I have great memories of watching Lawrence Welk with my Gramma on Saturday nights, sleeping over and then waking up to attend church with her on Sunday mornings. We always sat in the balcony on pews upholstered in bright red fabric. She would intermittently pass me wintergreen lifesavers throughout the service, maybe that is why I still like that particular kind of mint. I don’t remember any messages that were preached at all but I enjoyed sitting with Gramma and being her companion.
Later, as a teen who attended church alone, I remember looking a bit longingly at the families that sat together. Our youth group generally sat en masse right in the front of the church and that was a great way for me to be established in community. There were a few teens who didn’t sit with the youth group as their parents wanted them with their own family and I admired that. Sometimes I would join the families of my friends who were sitting with their parents.
When I started dating my husband, I joined his family in their pew and I felt very accepted and included into this special arrangement, being part of their tribe. As our own children came along, in infancy they stayed with us and as they became more mobile, we sent them off to the nursery. Somewhere along the way we were introduced to the idea of keeping them with us for the entire service.
Our twins were about four years old and the older ones about six and eight when we began to catch a vision for our young family sitting as a unit. We had, until this point, sat in the front of the church. When we decided to use the church service as a training ground and keep our little people with us we were met with some questions. “Why don’t you put them in Sunday school? They don’t understand what the pastor is saying”, “Don’t you trust the childcare workers?” Really, none of that mattered to us, we just wanted our children to worship with us. At the end of one service, after hearing the message, one of the 4 year olds blurted “When I grow up, I want to be like Pastor Jim and ride a motorcycle!” He was obviously listening to the sermon to pick up the motorcycle part. But what impressed me the most, was that this little boy whom some believed wasn’t getting anything out of the sermon revered the pastor and wanted to be just like him. He knew that the job of a pastor was of value. Some things are taught and some are caught right? Wouldn’t it be wonderful if children could catch a vision for growing in the Lord, having godly character and speaking truth? “Big people’s church” is a great opportunity for our children to catch a vision for godly adulthood.
We were fortunate that our church had a balcony and a separate cry room to allow us some space to train our children. I brought a busy bag filled with age appropriate and quiet diversions but there were times when I needed to step out with a little one. The cry room had a sound system that brought in the audio of the sermon so if I was alone with my baby or toddler, I didn’t miss out on the message. On days that the room got full, the audio was drowned out by babies and conversation but that sparked a different kind of message that spoke to the hearts of young moms, encouraging each other and working through the issues that faced them that week.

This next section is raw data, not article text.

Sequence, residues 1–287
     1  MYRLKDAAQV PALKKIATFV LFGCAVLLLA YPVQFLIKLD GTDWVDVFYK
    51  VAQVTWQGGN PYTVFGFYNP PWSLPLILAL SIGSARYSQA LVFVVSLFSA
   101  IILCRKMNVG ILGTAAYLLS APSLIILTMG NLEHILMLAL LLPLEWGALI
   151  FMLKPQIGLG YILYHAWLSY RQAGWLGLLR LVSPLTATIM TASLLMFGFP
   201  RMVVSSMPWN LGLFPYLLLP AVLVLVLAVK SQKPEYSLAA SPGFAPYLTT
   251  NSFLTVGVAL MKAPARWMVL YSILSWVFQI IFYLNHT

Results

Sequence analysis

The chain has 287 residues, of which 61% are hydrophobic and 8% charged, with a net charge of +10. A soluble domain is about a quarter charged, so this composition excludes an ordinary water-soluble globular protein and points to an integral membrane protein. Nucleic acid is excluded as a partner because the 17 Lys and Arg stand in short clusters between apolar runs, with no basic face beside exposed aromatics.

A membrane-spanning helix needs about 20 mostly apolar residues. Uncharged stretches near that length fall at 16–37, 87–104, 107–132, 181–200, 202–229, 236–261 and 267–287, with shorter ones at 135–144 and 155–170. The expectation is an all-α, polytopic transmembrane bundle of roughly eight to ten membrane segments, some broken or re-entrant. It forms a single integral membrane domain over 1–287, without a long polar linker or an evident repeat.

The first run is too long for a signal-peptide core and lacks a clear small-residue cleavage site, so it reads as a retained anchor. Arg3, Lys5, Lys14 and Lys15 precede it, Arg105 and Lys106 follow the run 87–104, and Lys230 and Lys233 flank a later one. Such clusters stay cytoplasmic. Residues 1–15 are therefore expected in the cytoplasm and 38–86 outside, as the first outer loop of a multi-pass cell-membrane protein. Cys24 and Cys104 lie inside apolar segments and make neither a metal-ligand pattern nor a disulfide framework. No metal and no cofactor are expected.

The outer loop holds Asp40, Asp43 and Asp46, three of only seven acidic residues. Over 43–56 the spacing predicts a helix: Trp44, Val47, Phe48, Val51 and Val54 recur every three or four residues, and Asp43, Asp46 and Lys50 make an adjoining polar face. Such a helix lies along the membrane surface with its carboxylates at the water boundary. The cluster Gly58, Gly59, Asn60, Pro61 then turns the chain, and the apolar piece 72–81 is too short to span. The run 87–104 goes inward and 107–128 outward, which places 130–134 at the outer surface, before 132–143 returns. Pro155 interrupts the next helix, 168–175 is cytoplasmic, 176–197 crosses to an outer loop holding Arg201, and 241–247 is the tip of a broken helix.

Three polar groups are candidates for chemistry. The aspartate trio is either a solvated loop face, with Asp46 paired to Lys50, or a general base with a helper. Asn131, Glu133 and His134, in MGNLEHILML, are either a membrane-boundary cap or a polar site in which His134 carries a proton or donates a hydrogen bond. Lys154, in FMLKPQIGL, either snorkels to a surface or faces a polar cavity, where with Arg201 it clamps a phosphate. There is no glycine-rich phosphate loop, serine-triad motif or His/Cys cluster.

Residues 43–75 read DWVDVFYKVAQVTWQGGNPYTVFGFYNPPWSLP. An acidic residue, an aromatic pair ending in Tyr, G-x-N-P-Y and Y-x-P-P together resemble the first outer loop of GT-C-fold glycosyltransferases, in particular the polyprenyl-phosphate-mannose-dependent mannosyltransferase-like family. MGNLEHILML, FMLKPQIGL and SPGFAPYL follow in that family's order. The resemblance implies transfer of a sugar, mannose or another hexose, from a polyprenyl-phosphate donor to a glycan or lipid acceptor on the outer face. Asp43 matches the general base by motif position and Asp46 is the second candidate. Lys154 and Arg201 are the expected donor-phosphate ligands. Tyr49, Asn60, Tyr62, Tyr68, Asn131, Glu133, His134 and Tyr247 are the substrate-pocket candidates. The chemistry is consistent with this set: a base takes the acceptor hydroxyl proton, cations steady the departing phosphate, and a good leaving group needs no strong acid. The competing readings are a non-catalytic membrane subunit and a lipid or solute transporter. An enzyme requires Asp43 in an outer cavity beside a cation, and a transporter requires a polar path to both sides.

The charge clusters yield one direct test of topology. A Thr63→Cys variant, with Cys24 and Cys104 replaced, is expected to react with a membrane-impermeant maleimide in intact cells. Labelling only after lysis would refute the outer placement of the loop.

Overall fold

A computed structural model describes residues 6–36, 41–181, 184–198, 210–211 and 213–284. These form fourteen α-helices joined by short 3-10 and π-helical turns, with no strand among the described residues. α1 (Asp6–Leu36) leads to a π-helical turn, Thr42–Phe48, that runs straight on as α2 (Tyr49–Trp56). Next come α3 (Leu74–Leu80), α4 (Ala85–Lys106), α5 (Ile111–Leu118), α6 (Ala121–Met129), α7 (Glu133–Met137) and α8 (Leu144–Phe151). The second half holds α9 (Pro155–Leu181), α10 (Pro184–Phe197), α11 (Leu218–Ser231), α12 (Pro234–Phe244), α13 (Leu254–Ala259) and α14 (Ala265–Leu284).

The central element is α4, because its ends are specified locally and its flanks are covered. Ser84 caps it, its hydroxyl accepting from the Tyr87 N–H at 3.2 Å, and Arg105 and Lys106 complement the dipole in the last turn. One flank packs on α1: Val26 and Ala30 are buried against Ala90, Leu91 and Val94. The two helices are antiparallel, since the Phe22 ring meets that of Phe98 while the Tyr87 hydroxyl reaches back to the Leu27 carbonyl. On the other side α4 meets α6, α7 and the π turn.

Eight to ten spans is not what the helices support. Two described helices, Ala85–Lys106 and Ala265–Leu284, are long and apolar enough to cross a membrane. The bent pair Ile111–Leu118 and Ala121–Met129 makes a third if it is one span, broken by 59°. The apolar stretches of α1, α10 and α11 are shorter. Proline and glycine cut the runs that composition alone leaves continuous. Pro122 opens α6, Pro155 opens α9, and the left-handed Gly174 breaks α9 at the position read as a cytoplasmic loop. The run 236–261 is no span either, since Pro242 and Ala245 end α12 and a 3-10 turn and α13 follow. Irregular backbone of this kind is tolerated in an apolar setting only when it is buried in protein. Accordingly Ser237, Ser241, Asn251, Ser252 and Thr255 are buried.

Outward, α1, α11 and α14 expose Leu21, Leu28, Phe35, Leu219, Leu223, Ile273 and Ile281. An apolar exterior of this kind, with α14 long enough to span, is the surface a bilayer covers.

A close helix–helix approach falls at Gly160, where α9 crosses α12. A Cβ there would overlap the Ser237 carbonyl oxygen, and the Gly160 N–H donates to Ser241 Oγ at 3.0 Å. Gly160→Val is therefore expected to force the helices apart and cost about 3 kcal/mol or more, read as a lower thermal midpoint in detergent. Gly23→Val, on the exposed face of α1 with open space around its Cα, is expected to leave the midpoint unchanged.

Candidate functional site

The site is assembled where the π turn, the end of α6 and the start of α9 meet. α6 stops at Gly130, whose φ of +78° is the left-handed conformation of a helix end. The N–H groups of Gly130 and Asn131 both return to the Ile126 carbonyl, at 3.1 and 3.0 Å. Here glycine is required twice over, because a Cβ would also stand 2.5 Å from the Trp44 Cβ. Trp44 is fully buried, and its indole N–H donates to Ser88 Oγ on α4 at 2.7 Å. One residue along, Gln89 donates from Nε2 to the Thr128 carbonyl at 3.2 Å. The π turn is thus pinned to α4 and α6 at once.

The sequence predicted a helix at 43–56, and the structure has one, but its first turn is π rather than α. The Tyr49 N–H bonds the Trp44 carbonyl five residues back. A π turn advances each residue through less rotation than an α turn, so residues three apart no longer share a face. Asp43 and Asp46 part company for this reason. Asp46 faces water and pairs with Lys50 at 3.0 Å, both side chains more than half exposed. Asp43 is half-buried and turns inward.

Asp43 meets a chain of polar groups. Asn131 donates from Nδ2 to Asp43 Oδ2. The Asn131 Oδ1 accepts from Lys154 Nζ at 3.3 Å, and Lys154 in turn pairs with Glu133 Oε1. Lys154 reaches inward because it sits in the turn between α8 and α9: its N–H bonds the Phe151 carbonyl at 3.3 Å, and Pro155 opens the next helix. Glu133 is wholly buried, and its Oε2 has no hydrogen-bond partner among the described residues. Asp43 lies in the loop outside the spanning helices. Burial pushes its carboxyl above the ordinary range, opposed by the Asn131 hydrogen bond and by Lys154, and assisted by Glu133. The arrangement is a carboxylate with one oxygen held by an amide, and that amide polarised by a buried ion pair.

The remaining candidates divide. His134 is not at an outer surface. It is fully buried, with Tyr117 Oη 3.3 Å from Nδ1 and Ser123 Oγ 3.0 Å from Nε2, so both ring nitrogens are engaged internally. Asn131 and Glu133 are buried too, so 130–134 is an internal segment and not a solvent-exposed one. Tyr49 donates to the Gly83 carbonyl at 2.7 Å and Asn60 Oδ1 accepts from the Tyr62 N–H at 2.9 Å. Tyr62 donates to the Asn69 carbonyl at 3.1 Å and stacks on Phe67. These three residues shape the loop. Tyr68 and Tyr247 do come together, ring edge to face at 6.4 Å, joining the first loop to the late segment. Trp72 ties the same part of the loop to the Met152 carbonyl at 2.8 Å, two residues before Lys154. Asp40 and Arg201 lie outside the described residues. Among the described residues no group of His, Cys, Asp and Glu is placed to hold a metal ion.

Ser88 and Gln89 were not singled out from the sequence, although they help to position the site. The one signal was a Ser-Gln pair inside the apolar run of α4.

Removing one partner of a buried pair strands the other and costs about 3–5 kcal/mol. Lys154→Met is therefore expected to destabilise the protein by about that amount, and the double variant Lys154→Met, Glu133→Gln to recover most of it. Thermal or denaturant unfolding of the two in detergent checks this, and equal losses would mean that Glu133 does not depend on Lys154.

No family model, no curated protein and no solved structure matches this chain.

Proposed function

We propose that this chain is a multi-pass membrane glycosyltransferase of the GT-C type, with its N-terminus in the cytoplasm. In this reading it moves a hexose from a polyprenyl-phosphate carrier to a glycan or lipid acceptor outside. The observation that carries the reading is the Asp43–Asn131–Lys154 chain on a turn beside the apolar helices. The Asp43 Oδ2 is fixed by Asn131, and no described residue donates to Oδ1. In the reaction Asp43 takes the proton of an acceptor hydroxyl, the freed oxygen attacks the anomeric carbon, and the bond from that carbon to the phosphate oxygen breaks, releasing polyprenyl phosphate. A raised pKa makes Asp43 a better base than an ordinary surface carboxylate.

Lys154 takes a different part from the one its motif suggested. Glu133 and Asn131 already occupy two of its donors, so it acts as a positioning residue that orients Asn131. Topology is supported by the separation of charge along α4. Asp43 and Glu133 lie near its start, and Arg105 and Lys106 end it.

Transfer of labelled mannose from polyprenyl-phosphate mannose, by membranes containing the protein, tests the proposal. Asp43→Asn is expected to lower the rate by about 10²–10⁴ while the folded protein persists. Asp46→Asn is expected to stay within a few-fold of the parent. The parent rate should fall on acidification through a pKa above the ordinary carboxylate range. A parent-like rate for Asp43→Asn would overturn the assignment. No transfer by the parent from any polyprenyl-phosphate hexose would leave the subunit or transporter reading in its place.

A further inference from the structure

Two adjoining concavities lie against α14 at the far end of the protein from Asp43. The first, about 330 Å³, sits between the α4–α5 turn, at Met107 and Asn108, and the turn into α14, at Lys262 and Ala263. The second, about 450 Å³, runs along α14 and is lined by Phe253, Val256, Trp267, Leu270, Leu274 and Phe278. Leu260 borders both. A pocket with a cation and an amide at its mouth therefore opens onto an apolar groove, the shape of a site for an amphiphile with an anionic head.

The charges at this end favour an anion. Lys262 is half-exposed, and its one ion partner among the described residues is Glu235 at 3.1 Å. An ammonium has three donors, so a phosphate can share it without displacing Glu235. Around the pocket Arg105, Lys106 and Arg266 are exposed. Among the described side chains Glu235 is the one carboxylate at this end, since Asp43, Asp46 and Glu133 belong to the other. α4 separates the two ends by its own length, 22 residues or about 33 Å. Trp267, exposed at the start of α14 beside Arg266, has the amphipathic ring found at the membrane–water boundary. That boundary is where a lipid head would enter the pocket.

Though our church did have a full nursery and children’s program, we kept our children with us. It wasn’t always easy to keep them quiet or still but just as so many parts of parenting are challenging, we were instilling a commitment to be present in the fellowship of other believers.
Planning ahead (a skill I developed early with 4 children under 4 years old) was definitely necessary to not only make it to church on time but to be prepared for the service. We always had a busy bag packed and ready. At times we would do individual bags that each child could carry in on their own and access throughout the service. Sometimes, we had a family busy bag with small toys that we could pass back and forth, coloring books, colored pencils and board books. As with so many aspects of life with kids, I felt it always worked best to change it up a bit to keep things from getting boring. Maybe it was just my boys but if things got boring, they would start to wrestle, a pastime that I really wanted to avoid during a worship service!
I have heard some parents say of their older children that they have a hard time paying attention and sitting still in church. I always wonder if they have been trained to sit in the service since their early childhood or if they were busily engaged in active children’s church. I wonder if the entertainment aspect of children’s programs makes it difficult to transition to the adult service later in life. I do think a family can raise a reverent church goer either by keeping them with the parent or allowing them to go to children’s programs. Both have their own set of challenges and every family will have to ponder their own situation to come up with their own plan.
Because we chose to keep our children with us, I would love to give you a list of some ways that helped us to manage.
- Babies- because some of my babies were noisy nursers, I liked to feed them before the service started. If their tummies were full, they often would sleep through the service.
- Older babies and toddlers- quiet toys to enjoy yet, not distract others from hearing the message.
- Preschool- books, coloring books, colored pencils (we didn’t use markers as they could damage any furniture), wikki-stix, finger puppets, lacing cards, a stuffed animal.
- Elementary age- encourage them to listen and take notes though drawing is a good option as well.
- Jr High and high school-expect teens to take sermon notes in whatever method works best for them.
- Avoid things that “clatter, click or roll”. Also avoid objects that are quiet but make a mess (Like scissors, ask me how I know). Consider even the carrying case, Velcro is noisy (tried that, I learned!)